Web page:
The Goldfinch

by Donna Tartt

started: January 10, 2018 | finished: January 27, 2018

Usually, I would stick pretty close with the book’s own synopsis, however, that might have been this book’s only downfall. The blurb on the inner flap really didn’t match with the inner contents of the book, but I’ll get more into that in a bit.

As for the synopsis—this is a book about grief. You can dress it up however you like, but death, memory, and grief are the key ideas behind this book. After our lead character, 13 year old Theo, loses his mother, he finds himself illegally in the possession of The Goldfinch, a painting by Carel Fabritius depicting a goldfinch who is chained to his perch. Not knowing how to return the painting without getting into trouble, but also not wanting to let go of it, Theo carries it with him as he moves from home to home where he is looked after by people who mean well, but who ultimately can’t give him what he needs to move forward. Through out his childhood and into his early adulthood, this painting is one of the few things that pulls Theo forward and keeps him from being swallowed by his own grief.

For the most part, I was consistently entertained by this book. I think the only time that it really lost me was the Amsterdam section, though it wasn’t too bad. I think this might have been because action might not be Tartt’s strong suit. Everything else I enjoyed thoroughly, however, I love slow, quiet books, so, if that’s not what you’re interested in, then you might want to skip this one, because, for the most part, it is slow and it is quiet.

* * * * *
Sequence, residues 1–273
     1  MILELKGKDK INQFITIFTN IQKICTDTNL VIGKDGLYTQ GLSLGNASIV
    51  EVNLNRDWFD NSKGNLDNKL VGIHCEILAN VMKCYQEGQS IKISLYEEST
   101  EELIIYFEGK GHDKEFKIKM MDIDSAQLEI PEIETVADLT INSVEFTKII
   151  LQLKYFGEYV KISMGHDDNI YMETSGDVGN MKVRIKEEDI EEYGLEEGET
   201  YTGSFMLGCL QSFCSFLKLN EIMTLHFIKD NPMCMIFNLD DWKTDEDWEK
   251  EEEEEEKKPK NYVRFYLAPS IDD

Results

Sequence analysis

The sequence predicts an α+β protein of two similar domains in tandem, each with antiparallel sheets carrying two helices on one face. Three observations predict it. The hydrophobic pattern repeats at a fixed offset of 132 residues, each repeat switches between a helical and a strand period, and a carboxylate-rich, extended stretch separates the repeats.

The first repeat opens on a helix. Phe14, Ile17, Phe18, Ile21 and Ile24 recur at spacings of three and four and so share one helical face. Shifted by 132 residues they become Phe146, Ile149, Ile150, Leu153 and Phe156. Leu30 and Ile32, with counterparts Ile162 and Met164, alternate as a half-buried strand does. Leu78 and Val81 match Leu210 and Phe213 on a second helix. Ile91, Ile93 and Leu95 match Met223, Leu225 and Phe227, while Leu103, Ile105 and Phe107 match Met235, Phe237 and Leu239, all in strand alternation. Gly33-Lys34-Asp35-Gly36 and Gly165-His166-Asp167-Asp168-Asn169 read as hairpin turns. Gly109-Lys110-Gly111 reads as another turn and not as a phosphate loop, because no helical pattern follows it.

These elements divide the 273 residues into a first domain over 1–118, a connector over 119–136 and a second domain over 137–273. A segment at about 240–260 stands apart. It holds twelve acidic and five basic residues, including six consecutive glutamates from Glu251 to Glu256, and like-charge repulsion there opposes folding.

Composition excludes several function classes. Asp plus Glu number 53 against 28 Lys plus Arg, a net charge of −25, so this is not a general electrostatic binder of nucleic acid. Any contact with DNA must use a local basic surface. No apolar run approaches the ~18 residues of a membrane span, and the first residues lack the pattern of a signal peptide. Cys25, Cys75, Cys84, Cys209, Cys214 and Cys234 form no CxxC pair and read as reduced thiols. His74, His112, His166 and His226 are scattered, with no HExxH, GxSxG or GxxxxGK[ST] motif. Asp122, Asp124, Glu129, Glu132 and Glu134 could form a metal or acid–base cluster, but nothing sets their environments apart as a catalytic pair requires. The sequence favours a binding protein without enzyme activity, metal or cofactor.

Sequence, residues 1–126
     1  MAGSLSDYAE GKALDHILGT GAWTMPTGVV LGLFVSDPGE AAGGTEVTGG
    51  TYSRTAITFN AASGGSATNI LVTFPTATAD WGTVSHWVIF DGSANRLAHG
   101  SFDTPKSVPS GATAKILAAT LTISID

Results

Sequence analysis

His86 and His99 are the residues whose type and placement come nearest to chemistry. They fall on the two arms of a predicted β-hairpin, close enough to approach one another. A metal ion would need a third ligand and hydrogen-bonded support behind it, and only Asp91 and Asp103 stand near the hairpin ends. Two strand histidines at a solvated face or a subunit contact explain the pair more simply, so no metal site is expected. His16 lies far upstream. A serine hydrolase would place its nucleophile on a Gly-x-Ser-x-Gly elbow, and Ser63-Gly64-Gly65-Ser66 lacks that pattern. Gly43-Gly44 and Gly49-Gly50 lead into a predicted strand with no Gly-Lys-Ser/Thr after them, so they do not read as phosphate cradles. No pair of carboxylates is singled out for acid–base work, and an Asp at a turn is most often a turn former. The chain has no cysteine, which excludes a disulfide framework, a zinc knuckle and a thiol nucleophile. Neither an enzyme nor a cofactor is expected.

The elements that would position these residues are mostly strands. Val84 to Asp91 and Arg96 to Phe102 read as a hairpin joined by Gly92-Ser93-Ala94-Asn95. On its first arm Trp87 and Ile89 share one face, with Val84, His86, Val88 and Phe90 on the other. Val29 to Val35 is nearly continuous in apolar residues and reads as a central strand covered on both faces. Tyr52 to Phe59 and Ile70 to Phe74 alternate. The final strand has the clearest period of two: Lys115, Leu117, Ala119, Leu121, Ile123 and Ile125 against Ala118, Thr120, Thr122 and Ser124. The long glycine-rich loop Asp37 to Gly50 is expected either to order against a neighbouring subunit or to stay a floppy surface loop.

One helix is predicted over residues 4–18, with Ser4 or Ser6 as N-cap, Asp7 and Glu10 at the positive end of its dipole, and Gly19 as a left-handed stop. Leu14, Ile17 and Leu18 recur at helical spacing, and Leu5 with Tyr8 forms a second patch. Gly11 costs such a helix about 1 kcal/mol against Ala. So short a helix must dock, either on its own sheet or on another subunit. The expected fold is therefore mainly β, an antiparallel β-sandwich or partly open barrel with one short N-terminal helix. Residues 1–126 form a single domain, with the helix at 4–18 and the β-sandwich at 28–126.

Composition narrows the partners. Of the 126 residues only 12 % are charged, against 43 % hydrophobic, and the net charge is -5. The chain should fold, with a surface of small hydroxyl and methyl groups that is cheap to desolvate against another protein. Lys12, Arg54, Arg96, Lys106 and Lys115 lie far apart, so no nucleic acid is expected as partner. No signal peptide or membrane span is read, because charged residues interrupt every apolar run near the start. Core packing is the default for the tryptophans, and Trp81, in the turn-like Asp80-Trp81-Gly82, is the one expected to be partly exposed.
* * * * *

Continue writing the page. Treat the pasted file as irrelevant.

I have very mixed feelings about the story and how it was written. On the one hand, I really did love this story what with my weakness for orphans, dead mothers, and people learning how to live after tragedy. I liked the way that Tartt used the dead mother trope as well as the “evil” stepmother trope. It was also refreshing to see an orphan story where not every single home was abusive. Even though I was taken out of the story a bit with the whole Amsterdam side quest, I do see its purpose in the over all story (kind of) and I was won back over with Theo’s return to New York.

However, like I said earlier, what is promised on the inner flap is very misleading to what is actually delivered. While the inner flap isn’t wrong, it’s just leaving a hell of a lot out. I wouldn’t normally do this, but, in this case, I can’t really think of a better way to explain what I’m trying to say. So, this is the official blurb:

“Theo Decker, a 13-year-old New Yorker, miraculously survives an accident that kills his mother. Abandoned by his father, Theo is taken in by the family of a wealthy friend. Bewildered by his strange new home on Park Avenue, disturbed by schoolmates who don’t know how to talk to him, and tormented above all by his longing for his mother, he clings to the one thing that reminds him of her: a small, mysteriously captivating painting that ultimately draws Theo into the underworld of art.